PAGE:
Perhaps TFL’s senior leadership can view it as a revolutionary new approach to their people, to go along with their revolutionary (and very good) new London busses.

Yours sincerely,

Andrew Scott

NB: To ensure a considered response from you, this letter will be published on line, on my personal blog, to my 3,600 twitter followers, publicly on Facebook, and sent to the Evening Standard newspaper.

The reply I received, 23 days later:

Our Ref:         1011585328/ABB

Date:              27.12.2012

 Dear Mr Scott

 Thank you for your message. I was very sorry to hear that a bus driver on route 243 (registration W404VGJ) did not allow you to board his bus when departing from Waterloo on the morning of 3 December 2012.

 Arriva London, who operate route 243 on behalf of Transport for London (TfL) have asked me to pass on their apologies to you. The driver could have allowed you to board and the incident is being followed up with the aim of minimising the possibility of similar errors on his part in the future.

 I am also sorry to hear of your many experiences when bus drivers in London have not exhibited the expected level of customer service. Transport for London (TfL) certainly does not encourage the sort the sort of behaviour you described and we engage with the private bus operating companies, who employ the bus drivers and manage the day-to-day running of the routes, to ensure that standards are as high as possible.

 All bus drivers in London are formally assessed by a Driving Standards Agency (DSA) Approved Assessor and must pass an additional test for Passenger Carrying Vehicle’s (PCV) as assessed by the DSA (which includes a focus on customer service). In addition, we work very closely with all our bus operators to improve the quality of our services, highlighting the need for attention to proper standards of service and driver conduct. We also strongly emphasise staff training and liaise with all bus companies to ensure we continue to achieve improvements across London. Whenever we receive complaints about poor standards, we follow them up with the bus company concerned. Assuming the complaint is upheld and it is not of a nature that could lead to dismal or suspension, the driver will undertake a variety of follow-up actions aimed at improving their standard of service.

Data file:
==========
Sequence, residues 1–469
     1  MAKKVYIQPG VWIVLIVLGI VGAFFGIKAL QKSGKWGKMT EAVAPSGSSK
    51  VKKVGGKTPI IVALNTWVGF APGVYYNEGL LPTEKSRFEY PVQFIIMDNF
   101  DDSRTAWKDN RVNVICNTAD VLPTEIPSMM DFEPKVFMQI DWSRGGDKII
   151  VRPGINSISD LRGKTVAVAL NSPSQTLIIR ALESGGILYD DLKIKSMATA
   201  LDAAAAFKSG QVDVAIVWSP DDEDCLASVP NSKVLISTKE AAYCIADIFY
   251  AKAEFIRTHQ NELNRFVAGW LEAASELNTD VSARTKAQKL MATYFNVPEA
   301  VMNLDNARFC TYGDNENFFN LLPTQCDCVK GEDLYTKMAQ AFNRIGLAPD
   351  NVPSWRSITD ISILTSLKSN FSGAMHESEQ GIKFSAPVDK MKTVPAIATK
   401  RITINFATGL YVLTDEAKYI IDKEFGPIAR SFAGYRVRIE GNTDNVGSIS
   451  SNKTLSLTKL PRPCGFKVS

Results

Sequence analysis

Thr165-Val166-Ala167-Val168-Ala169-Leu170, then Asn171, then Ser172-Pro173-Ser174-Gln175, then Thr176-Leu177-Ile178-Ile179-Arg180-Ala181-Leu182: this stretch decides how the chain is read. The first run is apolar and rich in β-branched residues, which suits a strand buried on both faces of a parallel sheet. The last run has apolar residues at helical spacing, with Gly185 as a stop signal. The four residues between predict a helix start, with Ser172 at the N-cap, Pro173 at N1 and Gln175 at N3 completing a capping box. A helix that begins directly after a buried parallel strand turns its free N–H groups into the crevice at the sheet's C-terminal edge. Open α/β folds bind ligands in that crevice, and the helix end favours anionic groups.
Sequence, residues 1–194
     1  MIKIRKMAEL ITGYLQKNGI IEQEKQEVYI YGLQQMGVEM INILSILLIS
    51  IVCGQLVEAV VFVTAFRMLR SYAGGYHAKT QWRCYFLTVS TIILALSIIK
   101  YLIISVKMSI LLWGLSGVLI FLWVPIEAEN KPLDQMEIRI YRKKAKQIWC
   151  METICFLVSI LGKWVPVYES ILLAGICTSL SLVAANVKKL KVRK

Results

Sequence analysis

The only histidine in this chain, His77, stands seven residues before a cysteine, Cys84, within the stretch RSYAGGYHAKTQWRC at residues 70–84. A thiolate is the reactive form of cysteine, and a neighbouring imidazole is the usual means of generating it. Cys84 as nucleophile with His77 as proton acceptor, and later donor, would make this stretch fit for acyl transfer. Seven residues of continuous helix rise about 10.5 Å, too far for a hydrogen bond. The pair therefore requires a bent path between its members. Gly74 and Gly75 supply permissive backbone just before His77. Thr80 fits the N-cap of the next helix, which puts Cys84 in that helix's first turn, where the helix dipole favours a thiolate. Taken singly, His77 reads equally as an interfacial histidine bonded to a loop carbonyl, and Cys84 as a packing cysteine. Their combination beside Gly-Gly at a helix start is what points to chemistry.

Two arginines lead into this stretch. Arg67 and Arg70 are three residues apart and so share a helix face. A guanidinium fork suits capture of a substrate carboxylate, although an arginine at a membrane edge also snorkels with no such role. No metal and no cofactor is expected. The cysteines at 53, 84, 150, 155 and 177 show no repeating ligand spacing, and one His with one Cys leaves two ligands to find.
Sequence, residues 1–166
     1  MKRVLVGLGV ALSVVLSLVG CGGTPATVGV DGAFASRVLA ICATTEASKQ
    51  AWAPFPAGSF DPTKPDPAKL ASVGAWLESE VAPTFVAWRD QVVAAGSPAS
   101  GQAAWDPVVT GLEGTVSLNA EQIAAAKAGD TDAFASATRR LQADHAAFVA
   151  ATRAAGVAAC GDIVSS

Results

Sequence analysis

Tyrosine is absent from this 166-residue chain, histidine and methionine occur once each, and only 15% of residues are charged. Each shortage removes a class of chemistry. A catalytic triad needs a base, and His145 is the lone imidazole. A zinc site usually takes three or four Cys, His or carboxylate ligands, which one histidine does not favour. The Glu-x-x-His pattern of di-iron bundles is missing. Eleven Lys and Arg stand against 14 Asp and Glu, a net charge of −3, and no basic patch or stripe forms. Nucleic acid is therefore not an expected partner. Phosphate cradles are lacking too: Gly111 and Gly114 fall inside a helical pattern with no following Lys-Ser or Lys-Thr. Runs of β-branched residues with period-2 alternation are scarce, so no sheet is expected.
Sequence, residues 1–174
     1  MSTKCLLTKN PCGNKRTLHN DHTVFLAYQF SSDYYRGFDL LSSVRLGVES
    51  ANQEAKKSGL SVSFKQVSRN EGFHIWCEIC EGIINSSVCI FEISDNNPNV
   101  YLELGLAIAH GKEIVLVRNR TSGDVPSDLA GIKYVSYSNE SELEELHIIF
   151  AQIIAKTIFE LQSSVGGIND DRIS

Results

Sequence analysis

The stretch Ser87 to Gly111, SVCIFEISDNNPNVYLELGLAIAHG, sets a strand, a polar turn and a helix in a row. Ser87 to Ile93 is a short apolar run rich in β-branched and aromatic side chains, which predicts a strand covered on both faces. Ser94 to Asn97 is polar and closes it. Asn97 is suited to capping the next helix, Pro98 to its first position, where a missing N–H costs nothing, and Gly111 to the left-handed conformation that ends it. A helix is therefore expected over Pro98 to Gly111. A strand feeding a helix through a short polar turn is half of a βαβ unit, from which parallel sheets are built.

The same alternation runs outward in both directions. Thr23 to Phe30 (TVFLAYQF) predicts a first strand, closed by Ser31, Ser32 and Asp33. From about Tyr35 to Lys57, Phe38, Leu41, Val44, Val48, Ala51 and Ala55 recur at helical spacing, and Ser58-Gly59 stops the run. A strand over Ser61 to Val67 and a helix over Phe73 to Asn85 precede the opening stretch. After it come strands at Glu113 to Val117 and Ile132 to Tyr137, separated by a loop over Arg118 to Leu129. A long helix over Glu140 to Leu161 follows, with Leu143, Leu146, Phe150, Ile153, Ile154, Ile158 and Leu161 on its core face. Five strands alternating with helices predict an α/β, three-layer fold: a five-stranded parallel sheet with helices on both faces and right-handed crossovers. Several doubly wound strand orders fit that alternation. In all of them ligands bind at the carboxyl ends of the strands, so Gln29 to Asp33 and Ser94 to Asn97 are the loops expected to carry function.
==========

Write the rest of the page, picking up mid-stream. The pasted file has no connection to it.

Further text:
We would hope that the majority of bus drivers are not rude, unresponsive or uncommunicative and that they do try to the put their passengers first. The evidence we collect from our various monitoring exercises suggest that most of London’s 21,500 bus drivers carry out their jobs in the manner expected of them and customers find many to be helpful and professional in general. It is regrettable that isolated drivers cause this perception to be called into disrepute. Therefore we greatly appreciate you highlighting this incident to us, as it allows the bus operator to take action aimed at continuing to improve the level of service provided to our customers.

Once again, please accept our apologies for the delay and upset caused by the driver’s behaviour on 3 December. Thank you for bringing this matter to our attention. Please don’t hesitate to contact me again should you require any further information or assistance.

Yours sincerely

 David Gwynn

Transport for London – Customer Experience

Context is the next big thing. Got an app for that?

I had breakfast a few weeks back with Robert Scoble. Not for the first time, the conversation turned to the subject of context.

It’s an often abused word and a subject close to both our hearts.